Now, these many years later, I don’t remember how many Aladdins that I found, but I saw an Aladdin Pomona, and an Aladdin Sheffield, and this Aladdin Shadowlawn (see below). It’s not surprising that this part of North Carolina is so loaded with kit homes, because Aladdin had a major mill in Wilmington, NC. In fact, Roanoke Rapids has one of the largest collections (and most impressive collections) of Aladdins in the country! It’s worth the trip, I promise!

Aladdin was a mail-order company that (like Sears), sold entire kit homes through their catalogs. The houses typically arrived by boxcar in 12,000 pieces and came with a 75-page instruction book that told the homeowner how all those pieces and parts went together. Today, there are about 75,000 Aladdin kit homes in the country, and about 70,000 Sears Homes in the country. More than 90% of the people living in these historically significant homes didn’t realize what they had until I knocked on their door and told them! Aladdin Kit Homes were sold from 1906-1981. (Sears, by comparison, was out of business by 1940.)

If someone could tell me the name of the street where this Shadowlawn is located, we’d also know the proximity of the OTHER kit homes (for they were very close by).

So, please leave a comment below if you know where this house is! And please look for the other Aladdins on the same street!

To learn more about identifying kit homes, click here.

To learn about the Aladdin Homes in Rocky Mount, click here.

To learn more about the massive collection of Aladdin kit homes in Roanoke Rapids, click here.

The Aladdin Shadowlawn was a big, beautiful kit home, and theres a perfect Shadowlawn in Concord, NC.

The Aladdin Shadowlawn was a big, beautiful kit home, and there's a perfect Shadowlawn in Concord, NC. Image is from the 1919 catalog.

And here it is, a perfect Shadowlawn in Concord, but what is the address?

And here it is, a perfect Shadowlawn in Concord, but what is the address?

Somewhere in Concord, I think I saw a Plaza, too.

Somewhere in Concord, I think I saw a Plaza, too.

And an Aladdin Pomona.

And an Aladdin Pomona.

And Im 98% confident I saw an Aladdin Sheffield just across the street and down a few doors from that Shadowlawn.

And I'm 98% confident I saw an Aladdin Sheffield just across the street and down a few doors from that Shadowlawn.

Aladdin also sold entire cities of their kit homes, and their mill was in Wilmington, which would explain why there are so many Aladdin kit homes in North Carolina.

Aladdin also sold entire cities of their kit homes, and their mill was in Wilmington, which would explain why there are so many Aladdin kit homes in North Carolina.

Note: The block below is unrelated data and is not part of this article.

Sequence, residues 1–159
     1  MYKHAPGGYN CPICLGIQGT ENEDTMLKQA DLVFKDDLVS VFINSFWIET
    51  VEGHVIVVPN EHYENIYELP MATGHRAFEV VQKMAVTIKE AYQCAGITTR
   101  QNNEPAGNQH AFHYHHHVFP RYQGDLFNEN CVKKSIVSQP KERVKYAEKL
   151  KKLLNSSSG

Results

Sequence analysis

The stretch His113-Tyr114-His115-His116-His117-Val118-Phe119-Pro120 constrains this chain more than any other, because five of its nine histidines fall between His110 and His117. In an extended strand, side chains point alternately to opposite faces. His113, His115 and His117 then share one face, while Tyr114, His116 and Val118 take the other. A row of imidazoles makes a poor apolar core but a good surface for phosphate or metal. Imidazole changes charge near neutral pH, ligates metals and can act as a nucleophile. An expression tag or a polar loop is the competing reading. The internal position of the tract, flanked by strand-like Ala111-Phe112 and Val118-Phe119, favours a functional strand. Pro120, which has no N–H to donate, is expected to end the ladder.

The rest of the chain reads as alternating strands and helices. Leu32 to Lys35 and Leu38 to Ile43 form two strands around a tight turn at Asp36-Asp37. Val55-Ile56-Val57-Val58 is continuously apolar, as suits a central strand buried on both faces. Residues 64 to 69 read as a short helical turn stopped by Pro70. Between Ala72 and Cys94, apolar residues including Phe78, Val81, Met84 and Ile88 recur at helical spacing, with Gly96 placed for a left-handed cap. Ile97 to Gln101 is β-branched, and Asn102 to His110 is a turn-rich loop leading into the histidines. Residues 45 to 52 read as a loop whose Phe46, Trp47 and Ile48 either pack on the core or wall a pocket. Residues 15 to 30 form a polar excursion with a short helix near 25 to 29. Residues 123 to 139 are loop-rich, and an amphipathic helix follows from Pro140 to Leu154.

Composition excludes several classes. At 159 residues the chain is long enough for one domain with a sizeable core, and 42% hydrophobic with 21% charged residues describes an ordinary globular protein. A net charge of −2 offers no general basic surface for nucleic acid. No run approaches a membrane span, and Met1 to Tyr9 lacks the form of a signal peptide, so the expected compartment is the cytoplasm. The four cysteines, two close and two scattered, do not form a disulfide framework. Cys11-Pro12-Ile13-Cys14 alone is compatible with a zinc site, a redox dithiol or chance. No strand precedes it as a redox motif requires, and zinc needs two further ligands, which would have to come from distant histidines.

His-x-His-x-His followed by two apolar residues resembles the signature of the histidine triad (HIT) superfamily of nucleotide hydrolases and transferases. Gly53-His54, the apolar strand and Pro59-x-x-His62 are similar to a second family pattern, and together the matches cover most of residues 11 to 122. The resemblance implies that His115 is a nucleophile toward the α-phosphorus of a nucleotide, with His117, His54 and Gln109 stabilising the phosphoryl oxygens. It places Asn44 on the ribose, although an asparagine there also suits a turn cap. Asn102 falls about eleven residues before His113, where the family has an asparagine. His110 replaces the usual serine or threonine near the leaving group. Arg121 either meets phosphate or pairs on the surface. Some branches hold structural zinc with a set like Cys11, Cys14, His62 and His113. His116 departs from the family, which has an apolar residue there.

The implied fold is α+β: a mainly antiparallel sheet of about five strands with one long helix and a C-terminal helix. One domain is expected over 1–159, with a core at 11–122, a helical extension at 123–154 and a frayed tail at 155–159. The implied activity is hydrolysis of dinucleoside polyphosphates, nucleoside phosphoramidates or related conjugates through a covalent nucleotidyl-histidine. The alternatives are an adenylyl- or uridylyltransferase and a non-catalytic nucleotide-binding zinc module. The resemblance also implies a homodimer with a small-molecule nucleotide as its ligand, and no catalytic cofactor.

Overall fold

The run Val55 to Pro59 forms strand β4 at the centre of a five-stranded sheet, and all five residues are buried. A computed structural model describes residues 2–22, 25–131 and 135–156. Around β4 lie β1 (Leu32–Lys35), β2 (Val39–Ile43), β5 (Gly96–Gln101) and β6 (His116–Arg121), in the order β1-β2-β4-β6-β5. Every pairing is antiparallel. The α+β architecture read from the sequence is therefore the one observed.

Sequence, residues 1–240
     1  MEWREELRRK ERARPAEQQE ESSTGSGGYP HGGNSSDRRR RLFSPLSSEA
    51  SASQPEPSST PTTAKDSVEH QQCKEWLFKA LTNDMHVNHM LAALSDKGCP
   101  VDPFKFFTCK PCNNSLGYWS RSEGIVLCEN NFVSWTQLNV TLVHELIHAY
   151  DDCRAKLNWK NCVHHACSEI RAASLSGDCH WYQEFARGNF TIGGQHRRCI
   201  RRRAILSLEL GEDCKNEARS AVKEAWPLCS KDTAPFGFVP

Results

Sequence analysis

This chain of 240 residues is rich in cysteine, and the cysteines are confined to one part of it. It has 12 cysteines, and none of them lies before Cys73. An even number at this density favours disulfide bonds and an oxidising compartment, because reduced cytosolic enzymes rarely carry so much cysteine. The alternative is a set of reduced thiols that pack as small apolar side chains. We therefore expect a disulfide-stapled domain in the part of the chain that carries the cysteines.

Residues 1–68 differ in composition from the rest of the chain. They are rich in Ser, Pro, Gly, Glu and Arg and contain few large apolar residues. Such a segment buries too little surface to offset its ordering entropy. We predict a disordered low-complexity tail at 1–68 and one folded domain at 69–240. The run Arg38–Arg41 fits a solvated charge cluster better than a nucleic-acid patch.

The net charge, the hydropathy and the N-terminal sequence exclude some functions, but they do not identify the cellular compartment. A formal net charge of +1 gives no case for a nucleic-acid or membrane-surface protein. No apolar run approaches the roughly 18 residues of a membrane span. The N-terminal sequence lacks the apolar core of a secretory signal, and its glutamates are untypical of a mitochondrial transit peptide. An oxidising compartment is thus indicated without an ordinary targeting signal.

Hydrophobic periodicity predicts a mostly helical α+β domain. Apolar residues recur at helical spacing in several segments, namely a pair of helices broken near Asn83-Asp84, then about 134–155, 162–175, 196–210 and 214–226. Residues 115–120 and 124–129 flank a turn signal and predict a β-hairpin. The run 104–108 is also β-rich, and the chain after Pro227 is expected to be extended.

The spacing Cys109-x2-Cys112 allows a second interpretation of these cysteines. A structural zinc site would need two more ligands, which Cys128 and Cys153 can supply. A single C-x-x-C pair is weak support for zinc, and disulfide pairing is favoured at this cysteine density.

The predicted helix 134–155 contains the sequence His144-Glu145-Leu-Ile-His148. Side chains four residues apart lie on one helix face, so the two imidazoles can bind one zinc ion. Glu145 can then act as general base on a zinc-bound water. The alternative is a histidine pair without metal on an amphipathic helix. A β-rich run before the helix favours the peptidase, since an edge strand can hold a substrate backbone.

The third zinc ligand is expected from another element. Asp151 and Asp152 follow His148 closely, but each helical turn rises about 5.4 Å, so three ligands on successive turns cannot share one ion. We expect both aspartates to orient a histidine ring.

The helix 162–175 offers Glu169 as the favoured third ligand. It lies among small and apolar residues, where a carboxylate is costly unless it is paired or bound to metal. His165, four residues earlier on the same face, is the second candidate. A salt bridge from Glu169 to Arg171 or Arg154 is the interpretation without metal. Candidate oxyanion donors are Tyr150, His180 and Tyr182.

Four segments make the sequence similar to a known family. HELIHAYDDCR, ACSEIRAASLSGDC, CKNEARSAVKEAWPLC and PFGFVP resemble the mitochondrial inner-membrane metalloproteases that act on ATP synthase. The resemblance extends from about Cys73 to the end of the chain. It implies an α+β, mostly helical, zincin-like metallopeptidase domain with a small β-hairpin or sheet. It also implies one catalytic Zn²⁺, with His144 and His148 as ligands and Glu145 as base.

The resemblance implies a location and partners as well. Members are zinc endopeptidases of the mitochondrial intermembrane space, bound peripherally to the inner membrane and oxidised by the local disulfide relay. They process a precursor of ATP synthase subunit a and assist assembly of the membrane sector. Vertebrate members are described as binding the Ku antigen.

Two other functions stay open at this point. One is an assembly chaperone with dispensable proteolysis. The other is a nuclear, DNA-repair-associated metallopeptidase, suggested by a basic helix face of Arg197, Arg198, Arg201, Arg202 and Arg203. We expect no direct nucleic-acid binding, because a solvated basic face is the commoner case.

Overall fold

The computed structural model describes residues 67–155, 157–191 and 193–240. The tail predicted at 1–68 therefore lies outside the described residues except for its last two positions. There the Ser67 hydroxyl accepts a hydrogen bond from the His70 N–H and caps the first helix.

Aladdin Homes were made with quality materials - first growth lumber out of virgin forests - the likes of which we will never again see in this country.

Aladdin Homes were made with quality materials - first growth lumber out of virgin forests - the likes of which we will never again see in this country.

My favorite graphic from the 1914 Aladdin catalog.

My favorite graphic from the 1914 Aladdin catalog.

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To learn more about the massive collection of Aladdin kit homes in Roanoke Rapids, click here.

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An Abundance of Kit Homes in Tulsa (Updated!)

July 6th, 2011 Sears Homes 17 comments

Sears Homes in Tulsa?

That was my first thought when Rachel Shoemaker of Tulsa contacted me. She said that she thought there were several homes in her town.

Now if she’d been writing from Illinois, Indiana, Michigan or Ohio, I wouldn’t have been so surprised.

But Tulsa?

In the last 10 years, I’ve received probably 5,000 emails and I’ve never heard much from the folks in Oklahoma. In fact, Rebecca Hunter’s wonderful book, “Putting Sears Homes on the Map” lists states with known Sears Homes. Rebecca went through thousands of pages of old catalogs, noting all the testimonials from folks, and then compiled that info into one easy-to-use book. There are two states that have no kit homes listed: Oklahoma and Oregon.

Besides, Oklahoma didn’t become a state until 1907. They were still fighting off Injuns and would not have had time to read a 75-page instruction book on how to build a kit that contained 12,000 pieces of house. (I’ve watched 106 episodes of Gunsmoke. I know about this stuff.)

Rachel sent me a couple photos and I was impressed. And then Sunday night (July 3), I stayed up way too late driving the streets of Tulsa via Google Maps, and I found two more kit homes.

If you know the address of a kit home in Oklahoma, please leave a comment below!

Below is a compilation of what Rachel has found  (with a little help from me). All photos of extant homes are copyright 2011 Rachel Shoemaker and can not be reproduced without written permission.  Photo of Wardway Modern Home #105 is copyright 2010 Dale Wolicki.

And as an added note, if you enjoy these pictures, please leave a comment below for Rachel, as she has invested countless hours of her own time and money researching and photographing these houses.

This is an impressive array of kit homes, and this collection should be preserved and protected, and further research should be done. Don’t let this amazing chapter of Tulsa’s history fall back into the shadows of lost memories and forgotten treasures.

Westly

One of the distinctive features (inside) is that corner fireplace in the dining room! This is from the 1919 Sears Modern Homes catalog.

And in Oklahoma! Its had a lot of improvements but this Westly is still standing.  Photo is copyright Rachel Shoemaker and can not be reproduced without written permission.

Unfortunately, it's had a lot of "improvements" but this Westly in Tulsa is still standing.

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The Arlington was a beautiful and spacious bungalow. This image is from the 1919 Sears Modern Homes catalog.

Arlington

Tulsa's Arlington is not a spot-on match, but it's pretty darn close. The front porch was truncated to allow for placement on a narrow lot. This was a very common "customization."